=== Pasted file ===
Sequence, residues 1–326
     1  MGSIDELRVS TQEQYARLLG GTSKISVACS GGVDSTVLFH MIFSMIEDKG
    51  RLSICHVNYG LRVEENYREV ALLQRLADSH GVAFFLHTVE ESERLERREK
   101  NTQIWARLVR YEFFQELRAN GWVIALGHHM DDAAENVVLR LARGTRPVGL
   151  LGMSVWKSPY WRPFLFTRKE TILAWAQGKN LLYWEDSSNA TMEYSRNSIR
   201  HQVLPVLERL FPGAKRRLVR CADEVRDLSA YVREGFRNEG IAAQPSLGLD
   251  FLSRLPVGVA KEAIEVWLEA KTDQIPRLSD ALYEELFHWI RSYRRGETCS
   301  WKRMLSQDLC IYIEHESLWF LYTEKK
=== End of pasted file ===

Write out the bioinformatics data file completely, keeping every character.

Sequence, residues 1–326
     1  MGSIDELRVS TQEQYARLLG GTSKISVACS GGVDSTVLFH MIFSMIEDKG
    51  RLSICHVNYG LRVEENYREV ALLQRLADSH GVAFFLHTVE ESERLERREK
   101  NTQIWARLVR YEFFQELRAN GWVIALGHHM DDAAENVVLR LARGTRPVGL
   151  LGMSVWKSPY WRPFLFTRKE TILAWAQGKN LLYWEDSSNA TMEYSRNSIR
   201  HQVLPVLERL FPGAKRRLVR CADEVRDLSA YVREGFRNEG IAAQPSLGLD
   251  FLSRLPVGVA KEAIEVWLEA KTDQIPRLSD ALYEELFHWI RSYRRGETCS
   301  WKRMLSQDLC IYIEHESLWF LYTEKK